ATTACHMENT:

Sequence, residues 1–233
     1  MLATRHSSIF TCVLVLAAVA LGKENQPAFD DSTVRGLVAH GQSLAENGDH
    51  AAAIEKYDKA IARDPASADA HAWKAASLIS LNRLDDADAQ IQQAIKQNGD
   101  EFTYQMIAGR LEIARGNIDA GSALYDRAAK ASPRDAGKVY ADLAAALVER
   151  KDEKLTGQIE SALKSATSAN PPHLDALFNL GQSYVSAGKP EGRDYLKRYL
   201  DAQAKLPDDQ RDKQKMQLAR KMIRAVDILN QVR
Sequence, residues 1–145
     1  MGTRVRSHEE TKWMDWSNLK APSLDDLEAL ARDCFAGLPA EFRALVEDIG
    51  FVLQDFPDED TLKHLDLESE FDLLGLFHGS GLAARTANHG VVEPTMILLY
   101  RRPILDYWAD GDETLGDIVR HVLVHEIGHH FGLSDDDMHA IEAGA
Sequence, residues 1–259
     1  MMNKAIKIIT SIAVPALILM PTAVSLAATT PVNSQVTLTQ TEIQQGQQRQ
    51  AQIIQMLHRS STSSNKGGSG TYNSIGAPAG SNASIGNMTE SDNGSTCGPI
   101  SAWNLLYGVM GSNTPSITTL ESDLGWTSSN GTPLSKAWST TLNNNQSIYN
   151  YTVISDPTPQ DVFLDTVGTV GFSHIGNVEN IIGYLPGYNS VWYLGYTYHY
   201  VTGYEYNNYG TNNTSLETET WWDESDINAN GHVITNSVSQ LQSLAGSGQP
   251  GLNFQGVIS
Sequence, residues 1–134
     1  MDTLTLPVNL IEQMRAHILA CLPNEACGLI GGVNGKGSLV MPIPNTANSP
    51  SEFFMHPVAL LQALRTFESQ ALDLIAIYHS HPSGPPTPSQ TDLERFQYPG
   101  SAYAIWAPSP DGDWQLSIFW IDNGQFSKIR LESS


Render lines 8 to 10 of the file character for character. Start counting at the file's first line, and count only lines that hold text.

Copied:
     1  MGTRVRSHEE TKWMDWSNLK APSLDDLEAL ARDCFAGLPA EFRALVEDIG
    51  FVLQDFPDED TLKHLDLESE FDLLGLFHGS GLAARTANHG VVEPTMILLY
   101  RRPILDYWAD GDETLGDIVR HVLVHEIGHH FGLSDDDMHA IEAGA